South-east Asian stocks rose on Tuesday taking cues from Asian peers, with Singapore surging to its highest level in 20 months buoyed by better-than-expected earnings in the banking sector. Regional markets reopened after a long holiday weekend, with investors making bullish bets, as an overnight rally on Wall Street and easing geo-political concerns over North Korea boosted sentiment.
In Asia, MSCI’s broadest index of Asia-Pacific shares outside Japan gained 0.6 percent. Tensions over the Korean peninsula eased slightly after U.S. President Donald Trump said on Monday he would be honoured to meet North Korea’s supreme leader Kim Jong Un under the right circumstances. Singapore shares gained as much as 1.01 percent to touch their highest since Aug. 11, 2015.
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Financials led the rally, after the city-state’s biggest lender DBS Group’s quarterly profit beat market expectations. Last week, smaller peer United Overseas Bank had reported a strong quarterly profit on the back of higher net interest income and trading income. “Some of the earnings recovery stories were really intense, and we expect the index to do a lot better in the second half as well,” said Joanne Goh, equity strategist, DBS Bank Ltd.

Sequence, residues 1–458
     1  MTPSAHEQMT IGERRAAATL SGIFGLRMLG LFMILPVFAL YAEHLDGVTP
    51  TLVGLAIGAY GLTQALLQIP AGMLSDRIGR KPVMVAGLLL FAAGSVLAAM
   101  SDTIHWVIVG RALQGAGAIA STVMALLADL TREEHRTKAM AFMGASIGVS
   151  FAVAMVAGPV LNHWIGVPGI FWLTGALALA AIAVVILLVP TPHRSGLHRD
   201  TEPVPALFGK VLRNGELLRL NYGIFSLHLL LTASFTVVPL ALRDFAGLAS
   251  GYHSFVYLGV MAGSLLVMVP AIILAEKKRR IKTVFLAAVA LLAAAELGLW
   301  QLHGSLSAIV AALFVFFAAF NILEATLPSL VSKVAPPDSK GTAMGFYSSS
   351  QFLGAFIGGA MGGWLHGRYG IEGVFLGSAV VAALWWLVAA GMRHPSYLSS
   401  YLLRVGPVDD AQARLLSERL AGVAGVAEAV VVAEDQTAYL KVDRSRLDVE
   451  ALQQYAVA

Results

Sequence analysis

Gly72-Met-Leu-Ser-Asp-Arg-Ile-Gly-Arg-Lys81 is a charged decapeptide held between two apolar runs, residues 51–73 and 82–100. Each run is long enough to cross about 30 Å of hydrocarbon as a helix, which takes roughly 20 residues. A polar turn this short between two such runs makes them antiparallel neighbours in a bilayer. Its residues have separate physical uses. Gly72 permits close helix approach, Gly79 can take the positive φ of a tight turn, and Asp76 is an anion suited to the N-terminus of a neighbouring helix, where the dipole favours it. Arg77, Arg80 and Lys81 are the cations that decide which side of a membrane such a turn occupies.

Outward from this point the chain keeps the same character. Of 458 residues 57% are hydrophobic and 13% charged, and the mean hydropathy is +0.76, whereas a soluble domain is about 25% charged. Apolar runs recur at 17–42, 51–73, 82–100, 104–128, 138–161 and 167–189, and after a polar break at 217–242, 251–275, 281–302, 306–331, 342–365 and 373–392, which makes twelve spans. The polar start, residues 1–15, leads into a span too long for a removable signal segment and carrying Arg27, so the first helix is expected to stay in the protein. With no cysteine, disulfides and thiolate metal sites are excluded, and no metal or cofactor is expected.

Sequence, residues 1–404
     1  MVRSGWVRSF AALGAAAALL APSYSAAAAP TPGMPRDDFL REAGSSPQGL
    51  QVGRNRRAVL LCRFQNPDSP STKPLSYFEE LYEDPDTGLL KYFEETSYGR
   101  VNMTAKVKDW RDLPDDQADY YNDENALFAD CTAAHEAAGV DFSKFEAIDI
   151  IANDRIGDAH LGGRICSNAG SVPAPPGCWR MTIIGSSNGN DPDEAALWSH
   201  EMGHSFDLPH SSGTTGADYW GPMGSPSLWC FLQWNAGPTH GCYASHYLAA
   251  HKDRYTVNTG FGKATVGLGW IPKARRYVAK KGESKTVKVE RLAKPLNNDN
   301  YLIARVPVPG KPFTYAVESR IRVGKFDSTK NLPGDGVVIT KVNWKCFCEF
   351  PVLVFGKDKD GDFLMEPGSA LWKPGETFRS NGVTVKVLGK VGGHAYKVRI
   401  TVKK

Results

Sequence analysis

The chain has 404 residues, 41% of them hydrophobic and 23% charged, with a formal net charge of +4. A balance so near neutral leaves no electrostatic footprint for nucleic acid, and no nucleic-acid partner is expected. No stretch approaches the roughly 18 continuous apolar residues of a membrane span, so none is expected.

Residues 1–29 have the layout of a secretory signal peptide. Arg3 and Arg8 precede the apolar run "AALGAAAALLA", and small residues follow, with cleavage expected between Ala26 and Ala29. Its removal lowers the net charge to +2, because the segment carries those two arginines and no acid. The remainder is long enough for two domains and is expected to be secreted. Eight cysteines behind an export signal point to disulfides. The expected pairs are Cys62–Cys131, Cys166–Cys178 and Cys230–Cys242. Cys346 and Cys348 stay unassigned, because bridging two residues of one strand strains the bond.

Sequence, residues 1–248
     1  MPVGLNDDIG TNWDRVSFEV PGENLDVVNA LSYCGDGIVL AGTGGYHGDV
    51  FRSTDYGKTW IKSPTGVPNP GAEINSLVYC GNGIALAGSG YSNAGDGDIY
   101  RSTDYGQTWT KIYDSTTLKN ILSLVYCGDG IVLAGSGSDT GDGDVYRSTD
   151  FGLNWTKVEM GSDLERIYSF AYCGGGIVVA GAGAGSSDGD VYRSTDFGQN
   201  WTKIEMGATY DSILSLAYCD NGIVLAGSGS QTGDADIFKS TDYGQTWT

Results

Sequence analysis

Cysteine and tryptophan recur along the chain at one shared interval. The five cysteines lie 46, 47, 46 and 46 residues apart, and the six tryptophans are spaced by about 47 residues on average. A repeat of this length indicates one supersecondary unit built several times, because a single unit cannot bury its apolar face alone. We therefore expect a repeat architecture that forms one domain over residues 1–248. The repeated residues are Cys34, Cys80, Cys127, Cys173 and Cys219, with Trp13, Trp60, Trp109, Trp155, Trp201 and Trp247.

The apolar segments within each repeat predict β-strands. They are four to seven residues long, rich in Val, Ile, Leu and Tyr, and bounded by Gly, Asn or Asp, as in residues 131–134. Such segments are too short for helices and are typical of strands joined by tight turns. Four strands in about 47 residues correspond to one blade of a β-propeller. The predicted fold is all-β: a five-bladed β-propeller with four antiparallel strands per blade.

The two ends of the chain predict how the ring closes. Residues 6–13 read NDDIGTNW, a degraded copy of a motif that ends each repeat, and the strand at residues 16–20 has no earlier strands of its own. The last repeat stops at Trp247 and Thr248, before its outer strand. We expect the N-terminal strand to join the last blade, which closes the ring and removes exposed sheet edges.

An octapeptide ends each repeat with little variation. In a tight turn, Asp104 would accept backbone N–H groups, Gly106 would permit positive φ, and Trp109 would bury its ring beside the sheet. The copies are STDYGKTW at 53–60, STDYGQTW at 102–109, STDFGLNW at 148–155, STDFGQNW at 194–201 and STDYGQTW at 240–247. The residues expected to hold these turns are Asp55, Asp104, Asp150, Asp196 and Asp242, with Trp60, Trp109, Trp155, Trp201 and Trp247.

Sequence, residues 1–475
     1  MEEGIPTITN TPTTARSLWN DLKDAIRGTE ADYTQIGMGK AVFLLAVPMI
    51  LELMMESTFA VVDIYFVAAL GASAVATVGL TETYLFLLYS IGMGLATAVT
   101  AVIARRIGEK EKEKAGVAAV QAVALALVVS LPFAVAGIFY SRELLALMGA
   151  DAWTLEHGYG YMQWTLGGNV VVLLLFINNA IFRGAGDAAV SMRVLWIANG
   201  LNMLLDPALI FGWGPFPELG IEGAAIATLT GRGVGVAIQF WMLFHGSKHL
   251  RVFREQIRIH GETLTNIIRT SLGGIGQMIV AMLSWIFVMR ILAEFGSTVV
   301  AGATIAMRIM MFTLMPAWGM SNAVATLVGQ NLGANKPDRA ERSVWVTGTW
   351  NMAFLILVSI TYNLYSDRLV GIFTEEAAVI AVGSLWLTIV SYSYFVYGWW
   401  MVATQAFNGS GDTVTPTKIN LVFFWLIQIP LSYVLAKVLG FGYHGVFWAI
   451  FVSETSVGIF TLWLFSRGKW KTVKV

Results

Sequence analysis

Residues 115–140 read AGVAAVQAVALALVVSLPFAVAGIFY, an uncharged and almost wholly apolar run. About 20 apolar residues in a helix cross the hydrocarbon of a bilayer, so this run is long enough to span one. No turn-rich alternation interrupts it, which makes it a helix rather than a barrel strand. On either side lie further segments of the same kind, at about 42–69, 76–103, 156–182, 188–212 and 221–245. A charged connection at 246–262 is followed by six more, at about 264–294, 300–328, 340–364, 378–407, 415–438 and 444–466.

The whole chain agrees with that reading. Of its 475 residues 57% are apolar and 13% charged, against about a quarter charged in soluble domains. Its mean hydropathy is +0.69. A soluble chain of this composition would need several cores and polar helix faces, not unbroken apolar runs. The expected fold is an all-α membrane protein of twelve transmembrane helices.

Philippines shares were on track to post their biggest intraday percentage gain in a week, supported by consumer and real estate stocks. Property developer SM Prime Holdings was among the top performers, rising up to 2.5 percent. Malaysian stock index climbed to its highest in nearly two years. Financials and consumer stocks supported the momentum, with CIMB Group Holdings Bhd gaining as much as 3.5 percent. While Jakarta was up as much as 0.5 percent, Thai shares remained largely flat. Vietnam stock market was closed for a holiday.
(Reporting by Anusha Ravindranath in Bengaluru; Editing by Sherry Jacob-Phillips)